ASSESSMENT OF THE KNOWLEDGE AND ATTITUDE TOWARDS INSECTICIDE TREATED NETS (ITN) AMONG CAREGIVERS OF UNDER-FIVE CHILDREN IN A TERTIARY HOSPITAL IN JOS, PLATEAU STATE, NIGERIA
Idoko Lucy, Okafor Kingsley C.*, Amlabu Gift M., Idika, Chidindu N., Oguche, Blessing E.
Introduction: Key to malaria control is knowledge of and acceptance of use of insecticide treated net. Despite efforts by health authorities to promote the use of ITNs, studies have shown however, that there is still a wide gap between knowledge and utilization of these nets in the endemic areas of the world. Studies have shown that Insecticide Treated Nets awareness in Nigeria varies from State to State with as high as 93% in the Southern States and as low as 36% in the Northern States. 39% had a negative attitude towards ITNs Poor sensitization and wrong perception is responsible for poor attitude in certain areas. Community participation plays an essential role in the control of malaria and whether this succeeds or fails depends greatly on the behaviour of caregivers of young children. This study seeks assess the knowledge and attitude towards insecticide treated nets (ITN) among caregivers of under five children in a tertiary hospital in North Central, Nigeria. Methodology: The study is a descriptive cross sectional study conducted among 242 caregivers of under five children in Tertiary Hospital in Jos, Plateau State, Nigeria in 2018. A simple Random Sampling technique was used to select participants. Ethical clearance was obtained from the Ethical Review Committee of BHUTH, Jos. Findings: Majority (87.2%) of caregivers were within the age group 25 and 39 years, Majority of care givers had tertiary level of education 155 (64.0%), 235 (97.1%) were married, 124 (51.2%) of the caregivers had 2 under-five children in their household, 123 (50.8%) of the under fives were males while females were 119 (49.2%). Majority of the children 99 (40.9%) were aged between 1-3 months. Almost all 238 (98.3%) of the caregivers had heard of malaria before. Most 220 (68.3%) of the caregivers, agreed that mosquitoes cause malaria responded, majority of the respondents 230 (95%) believed that sleeping inside mosquito nets prevent malaria, 153 (43.6%) got their information on malaria from the health centre/hospital. Knowledge of ITN was 192 (79.3%) however 50 (20.2%) do not know about ITN. Knowledge was positively associated with higher level of education, lower ages of children, higher ages of caregivers and trading as an occupation of caregivers. Half of the caregivers were willing to recommend ITN to a friend/family, majority agreed to use ITNs and majority supported sleeping under mosquito net for everyone. Summarily, 60.3% had positive attitude towards ITN. Conclusion: Majority of caregivers knew about ITN. Factors affecting knowledge include higher level of education, lower ages of children, higher ages of caregivers and trading as an occupation of caregivers. Majority supported sleeping under mosquito net for everyone. Summarily, 60.3% had positive attitude towards ITN. There is need for increase in knowledge of Malaria via health education, increase in radio and television campaigns, talks and adverts. Strengthening of teaching about Malaria and other endemic diseases in school curriculum at primary, secondary and tertiary levels will help boost attitude toward ITN.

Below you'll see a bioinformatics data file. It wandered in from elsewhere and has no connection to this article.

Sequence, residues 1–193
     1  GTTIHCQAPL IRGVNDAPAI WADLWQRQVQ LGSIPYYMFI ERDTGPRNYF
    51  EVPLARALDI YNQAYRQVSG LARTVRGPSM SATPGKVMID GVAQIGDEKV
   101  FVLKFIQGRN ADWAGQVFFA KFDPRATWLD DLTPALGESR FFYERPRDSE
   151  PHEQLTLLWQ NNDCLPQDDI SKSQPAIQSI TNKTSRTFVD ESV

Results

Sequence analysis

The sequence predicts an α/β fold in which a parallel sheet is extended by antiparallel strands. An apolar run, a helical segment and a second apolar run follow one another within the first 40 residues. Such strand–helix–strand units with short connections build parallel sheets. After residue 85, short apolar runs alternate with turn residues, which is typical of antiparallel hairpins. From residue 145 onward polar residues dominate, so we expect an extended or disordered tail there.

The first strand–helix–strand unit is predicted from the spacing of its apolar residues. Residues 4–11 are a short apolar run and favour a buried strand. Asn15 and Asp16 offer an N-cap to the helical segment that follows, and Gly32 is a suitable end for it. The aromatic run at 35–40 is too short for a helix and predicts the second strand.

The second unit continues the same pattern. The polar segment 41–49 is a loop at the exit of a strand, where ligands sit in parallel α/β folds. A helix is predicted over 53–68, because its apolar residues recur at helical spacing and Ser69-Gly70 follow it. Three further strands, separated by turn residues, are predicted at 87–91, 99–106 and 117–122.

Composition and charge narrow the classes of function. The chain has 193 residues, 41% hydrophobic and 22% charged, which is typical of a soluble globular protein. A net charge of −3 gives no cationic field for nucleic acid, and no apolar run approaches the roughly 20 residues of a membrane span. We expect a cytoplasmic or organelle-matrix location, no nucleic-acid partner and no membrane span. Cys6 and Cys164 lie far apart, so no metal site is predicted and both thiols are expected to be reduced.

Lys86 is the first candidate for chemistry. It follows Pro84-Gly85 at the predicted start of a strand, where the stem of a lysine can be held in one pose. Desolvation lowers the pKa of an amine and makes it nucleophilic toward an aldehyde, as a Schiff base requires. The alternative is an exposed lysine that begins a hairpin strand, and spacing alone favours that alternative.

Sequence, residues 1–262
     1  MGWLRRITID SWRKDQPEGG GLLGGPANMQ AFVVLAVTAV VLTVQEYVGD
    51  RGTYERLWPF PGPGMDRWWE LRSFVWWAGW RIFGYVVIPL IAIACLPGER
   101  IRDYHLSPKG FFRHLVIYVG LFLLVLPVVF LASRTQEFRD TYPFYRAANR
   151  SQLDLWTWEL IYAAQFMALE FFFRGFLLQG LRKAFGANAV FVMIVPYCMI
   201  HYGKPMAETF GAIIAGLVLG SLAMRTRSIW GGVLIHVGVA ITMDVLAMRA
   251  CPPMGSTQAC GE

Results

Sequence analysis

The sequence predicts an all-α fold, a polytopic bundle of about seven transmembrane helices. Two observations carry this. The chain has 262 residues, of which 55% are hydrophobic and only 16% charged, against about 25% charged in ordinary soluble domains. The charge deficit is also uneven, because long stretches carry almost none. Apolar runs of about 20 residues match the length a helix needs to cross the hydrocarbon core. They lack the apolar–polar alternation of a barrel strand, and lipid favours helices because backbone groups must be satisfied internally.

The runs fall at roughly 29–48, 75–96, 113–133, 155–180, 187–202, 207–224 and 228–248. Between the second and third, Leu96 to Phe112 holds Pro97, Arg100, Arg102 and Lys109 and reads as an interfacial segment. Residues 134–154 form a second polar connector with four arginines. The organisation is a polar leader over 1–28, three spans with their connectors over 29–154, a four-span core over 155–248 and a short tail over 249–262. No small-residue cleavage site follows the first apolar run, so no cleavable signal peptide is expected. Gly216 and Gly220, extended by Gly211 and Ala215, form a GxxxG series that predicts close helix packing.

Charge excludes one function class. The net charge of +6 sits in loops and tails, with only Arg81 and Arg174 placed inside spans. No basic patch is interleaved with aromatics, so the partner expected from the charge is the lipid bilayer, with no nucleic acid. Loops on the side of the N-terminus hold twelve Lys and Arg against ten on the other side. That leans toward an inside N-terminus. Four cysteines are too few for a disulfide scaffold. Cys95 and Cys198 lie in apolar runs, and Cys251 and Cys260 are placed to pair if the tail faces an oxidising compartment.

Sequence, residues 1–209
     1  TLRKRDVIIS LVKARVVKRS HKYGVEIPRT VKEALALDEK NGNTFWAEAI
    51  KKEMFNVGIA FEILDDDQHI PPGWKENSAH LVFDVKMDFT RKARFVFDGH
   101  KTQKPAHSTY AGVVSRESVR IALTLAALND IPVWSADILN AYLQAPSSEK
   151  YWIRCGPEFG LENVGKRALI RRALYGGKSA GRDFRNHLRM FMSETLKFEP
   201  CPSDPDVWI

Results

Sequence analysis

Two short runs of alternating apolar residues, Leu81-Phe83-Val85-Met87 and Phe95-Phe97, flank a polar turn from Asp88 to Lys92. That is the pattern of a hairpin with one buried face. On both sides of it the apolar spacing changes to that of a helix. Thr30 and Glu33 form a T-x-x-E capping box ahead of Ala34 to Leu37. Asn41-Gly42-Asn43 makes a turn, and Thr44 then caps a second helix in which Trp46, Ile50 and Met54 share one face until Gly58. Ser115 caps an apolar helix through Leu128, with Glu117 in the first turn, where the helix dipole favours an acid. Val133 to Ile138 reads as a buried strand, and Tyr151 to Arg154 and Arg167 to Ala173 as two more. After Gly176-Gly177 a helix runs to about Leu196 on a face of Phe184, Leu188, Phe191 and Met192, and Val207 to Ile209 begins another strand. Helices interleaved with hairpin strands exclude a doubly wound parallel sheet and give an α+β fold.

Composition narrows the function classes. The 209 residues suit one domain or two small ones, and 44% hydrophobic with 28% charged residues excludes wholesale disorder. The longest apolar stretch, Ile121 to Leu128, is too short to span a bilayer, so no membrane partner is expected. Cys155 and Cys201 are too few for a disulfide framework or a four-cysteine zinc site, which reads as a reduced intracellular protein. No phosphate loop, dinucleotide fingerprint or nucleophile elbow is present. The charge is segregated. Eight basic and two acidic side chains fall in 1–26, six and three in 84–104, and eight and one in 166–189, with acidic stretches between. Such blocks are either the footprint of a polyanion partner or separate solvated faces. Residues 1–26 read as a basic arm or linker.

Keywords: Malaria, Insecticide treated net, Knowledge.
[Full Text Article]